Slovenia’s Old Calendar of the Seasons
13.9.2016 | Fiona Thompson
Is your fruit nodding? According to the old Slovene calendar, they should be.
Before the Slovene language adopted the Latin-derived names of the Gregorian calendar, Slovenians used names of Slavic origin. September was ‘kimevec’ which means ‘nodding fruit’, symbolising the time of year when the trees and vines are full of fruit which is ready to be picked.
These names go back to a time when people lived by the seasons – no strawberries in the market in December in those days – and where agriculture was the dominant industry.
Starting at the beginning of the calendar year, ‘prosinec’ is the former name for January. It has a mean like ‘sun shining through’ which could be more optimistic than accurate for a winter month but it has to be said that you do get the occasional sunny day in Slovenia in the deepest part of winter.
Next, comes ‘svečan’: it is believed that the name means ‘cut’ or ‘dry’ and there’s a theory that this has some connection with the celebration of Candlemas on February 2nd, a Christian festival that comes on the 40th day of Epiphany.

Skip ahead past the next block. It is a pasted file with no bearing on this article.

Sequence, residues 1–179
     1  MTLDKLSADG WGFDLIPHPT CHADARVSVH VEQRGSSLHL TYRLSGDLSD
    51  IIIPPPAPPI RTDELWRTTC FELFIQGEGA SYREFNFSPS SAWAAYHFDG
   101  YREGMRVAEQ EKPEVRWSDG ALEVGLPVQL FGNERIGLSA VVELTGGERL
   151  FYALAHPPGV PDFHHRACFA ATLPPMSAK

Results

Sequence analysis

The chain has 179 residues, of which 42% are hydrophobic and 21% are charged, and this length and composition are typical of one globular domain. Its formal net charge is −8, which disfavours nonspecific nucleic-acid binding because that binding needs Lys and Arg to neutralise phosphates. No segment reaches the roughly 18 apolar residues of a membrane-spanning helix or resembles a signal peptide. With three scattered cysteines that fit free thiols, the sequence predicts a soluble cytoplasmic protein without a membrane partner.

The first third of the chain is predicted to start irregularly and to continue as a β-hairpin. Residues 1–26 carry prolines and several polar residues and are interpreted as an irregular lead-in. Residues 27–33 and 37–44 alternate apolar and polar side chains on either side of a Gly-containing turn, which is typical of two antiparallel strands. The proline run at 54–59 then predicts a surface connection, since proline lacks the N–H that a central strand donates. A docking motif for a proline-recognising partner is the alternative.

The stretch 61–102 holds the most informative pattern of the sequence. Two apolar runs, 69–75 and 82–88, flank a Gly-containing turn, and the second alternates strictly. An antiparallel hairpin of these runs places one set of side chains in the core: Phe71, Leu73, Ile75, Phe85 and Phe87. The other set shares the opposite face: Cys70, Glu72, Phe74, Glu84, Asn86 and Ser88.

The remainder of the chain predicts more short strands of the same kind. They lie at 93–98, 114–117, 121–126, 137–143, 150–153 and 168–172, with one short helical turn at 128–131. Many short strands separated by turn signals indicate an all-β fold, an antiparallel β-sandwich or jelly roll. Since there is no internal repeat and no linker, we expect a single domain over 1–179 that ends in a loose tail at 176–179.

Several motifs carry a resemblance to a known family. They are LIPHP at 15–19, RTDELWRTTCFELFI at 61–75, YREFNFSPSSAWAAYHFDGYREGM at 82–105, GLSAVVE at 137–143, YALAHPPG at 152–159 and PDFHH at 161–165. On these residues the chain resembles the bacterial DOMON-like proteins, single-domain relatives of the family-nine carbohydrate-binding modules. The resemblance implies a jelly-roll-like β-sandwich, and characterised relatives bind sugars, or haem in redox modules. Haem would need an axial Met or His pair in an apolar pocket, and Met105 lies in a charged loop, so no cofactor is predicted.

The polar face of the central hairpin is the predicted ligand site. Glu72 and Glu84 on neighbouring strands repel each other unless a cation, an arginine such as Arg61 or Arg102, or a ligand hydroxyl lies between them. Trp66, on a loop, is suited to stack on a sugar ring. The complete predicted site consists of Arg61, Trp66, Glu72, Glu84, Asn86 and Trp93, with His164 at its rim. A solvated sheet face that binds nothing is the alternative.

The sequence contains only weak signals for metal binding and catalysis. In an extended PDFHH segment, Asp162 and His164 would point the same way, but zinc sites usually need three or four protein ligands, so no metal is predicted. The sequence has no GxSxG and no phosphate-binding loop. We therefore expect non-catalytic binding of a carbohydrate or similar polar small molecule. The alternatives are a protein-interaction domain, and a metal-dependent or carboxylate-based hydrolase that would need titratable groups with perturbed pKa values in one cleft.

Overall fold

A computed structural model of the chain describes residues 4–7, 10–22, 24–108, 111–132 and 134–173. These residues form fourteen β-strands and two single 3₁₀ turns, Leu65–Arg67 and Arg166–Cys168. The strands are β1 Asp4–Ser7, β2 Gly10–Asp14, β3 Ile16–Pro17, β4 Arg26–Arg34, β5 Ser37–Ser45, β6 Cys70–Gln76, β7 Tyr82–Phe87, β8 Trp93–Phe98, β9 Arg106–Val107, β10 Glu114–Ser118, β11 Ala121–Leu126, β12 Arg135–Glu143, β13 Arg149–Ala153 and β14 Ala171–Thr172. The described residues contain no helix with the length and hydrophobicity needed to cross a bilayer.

The following month was referred to as ‘sušec’ – the time had come when the earth was dry enough to restart cultivation. Next came ‘mali traven’ – which translates as ‘short grass’ – followed by ‘veliki traven’ meaning ‘long grass’. As we know, no self-respecting Slovenian allows his garden to be full of ‘veliki traven’!
The archaic name for the month of June was ‘rožnik’ which simply means ‘flowers’. July was known as ‘mali srpan’ – a srpan being a sickle – and hot on its heels came August which was referred to as ‘veliki srpan’. As one can see, there was never any need to wonder what tasks needed to be completed on the land when the calendar provided a handy reminder.
October was known as ‘vinotok’ – an evocative name which translates roughly as ‘wine flowing’. This perhaps differs a little from the viticulture calendar as we know it today, which has 11 November, St. Martin’s Day as the day when the new wine is celebrated.
November used to be called ‘listopad’ which refers to the falling of the leaves from the trees, and finally bringing us to the close of the year was ‘gruden’ which has two possible meanings – ‘biting’ which refers to the coldness, or ‘clumped’ which describes the earth.
In some regions, alternative names were used. Prekmurje shared several of the names listed above but had a few of its own too, while in some regions, the names were based on the names of saints. Perhaps most descriptively, some areas of Slovenia referred to March simply as ‘vetrnik’ – the windy month.
The modern names might be much easier to recognise, especially for foreigners, but we think the old names are much more fun.